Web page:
Bite-sized taster that leads up to full course

September 5, 2003

More and more academics spend the holiday period running projects to widen participation. Chris Bunting looks at the success of these schemes in the latest in our summer series.

Robert Stewart was 17 when he left Blairgowrie High School in Perthshire. His teachers told him he had no chance of going to university and that it would take him at least four years of study at college to make up the ground he had lost after his disastrous years at school.

"My school wasn't a learning environment," says Stewart, now 22. "There were serious assaults going on and a high level of drug-taking among the pupils. It was the kind of place where it pays to keep a low profile, but I didn't succeed in doing that. My life became miserable."

When he left Blairgowrie, Stewart was taking Roaccutane, a prescription drug designed to treat severe cases of acne. While it helped solve that problem, two months after starting college he began to suffer severe depression - believed to be a side-effect of the drug - and was forced to abandon his studies.

"It took three or four months to get out of the depression, but by then I was in a very difficult situation. I had nothing on my CV," he says. He tried to dig himself out of his problems by joining the Scottish Youth Parliament, eventually rising to be its vice-chairman. He began to contribute pieces of journalism to BBC radio and other outlets, but one question nagged at him: had he missed the education boat?

"I had four standard grades and a higher grade D in business studies. That is probably like an E at A level. It is not very good," Stewart says. "I thought I had no chance of higher education, but my dad had recently been on this summer school at Dundee University. Basically, if you went on it and passed, you could get into university. I went for it like a shot."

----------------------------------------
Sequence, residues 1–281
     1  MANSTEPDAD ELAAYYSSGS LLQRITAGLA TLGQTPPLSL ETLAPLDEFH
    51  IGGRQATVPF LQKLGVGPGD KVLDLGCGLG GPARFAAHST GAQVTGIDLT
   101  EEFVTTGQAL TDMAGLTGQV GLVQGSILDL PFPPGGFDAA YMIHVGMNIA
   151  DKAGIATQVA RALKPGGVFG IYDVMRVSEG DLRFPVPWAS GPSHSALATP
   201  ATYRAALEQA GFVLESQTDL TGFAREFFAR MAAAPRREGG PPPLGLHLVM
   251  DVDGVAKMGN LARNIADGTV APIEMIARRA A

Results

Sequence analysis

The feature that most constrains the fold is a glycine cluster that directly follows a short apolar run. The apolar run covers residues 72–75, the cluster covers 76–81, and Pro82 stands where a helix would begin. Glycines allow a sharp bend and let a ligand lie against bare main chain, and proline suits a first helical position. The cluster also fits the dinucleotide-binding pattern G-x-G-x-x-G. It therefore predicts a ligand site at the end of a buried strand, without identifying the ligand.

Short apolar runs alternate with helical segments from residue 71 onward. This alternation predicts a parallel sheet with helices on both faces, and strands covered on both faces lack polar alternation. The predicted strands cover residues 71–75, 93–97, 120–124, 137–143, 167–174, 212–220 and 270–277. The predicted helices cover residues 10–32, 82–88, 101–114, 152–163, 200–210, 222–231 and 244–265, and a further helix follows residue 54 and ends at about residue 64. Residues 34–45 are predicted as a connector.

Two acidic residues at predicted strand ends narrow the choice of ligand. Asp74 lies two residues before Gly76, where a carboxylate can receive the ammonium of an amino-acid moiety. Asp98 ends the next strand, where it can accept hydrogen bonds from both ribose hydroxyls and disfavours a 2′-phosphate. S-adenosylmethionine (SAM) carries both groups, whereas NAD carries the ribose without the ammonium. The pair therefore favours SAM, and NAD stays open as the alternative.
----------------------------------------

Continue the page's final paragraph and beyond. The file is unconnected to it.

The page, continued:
Ten weeks of intense study at the Dundee University Access Summer School brought Stewart not just a place at the university but an offer to take a law degree, which would normally require the equivalent of three Bs at A level. In the end, he opted for a degree in town and regional planning, a course, he says, that "has completely changed my life" by giving him choices.

With social inclusion at the top of government education priorities, widening access summer schools of various types have been springing up across the country over the past three or four years, and many academics now spend their summers working on recruitment rather than research. In England and Wales, the Department for Education and Skills has driven much of this development, spending more than £4 million a year on its three-year summer schools scheme, which aims to increase participation in higher education among young people from disadvantaged backgrounds.

The scheme, part of the Excellence in the Cities programme, targets youngsters who are judged to have high ability and are expected to achieve good A-level results but whose family or educational background is such that they might not apply to a higher education institution or might consider only a limited range of higher education institutions or subjects.

The basic model is of a short course, often residential, aimed at raising students' aspirations by giving them a flavour of university life.

The scheme is modelled on a summer school programme that was run by the Sutton Trust at Oxford University in 1997. The trust now also runs schools at the universities of Bristol, Cambridge, Nottingham and St Andrews, catering for 650 prospective pupils. In addition, it runs the government-funded FE2HE scheme, which offers a similar model of summer schools to students of further education and sixth-form colleges at six universities. Between them, the Sutton Trust and the DFES help fund more than 6,500 summer school places across the UK, in 90 higher education institutions. Their approach dominates the field, says John Rushforth, director of widening participation at the Higher Education Funding Council for England.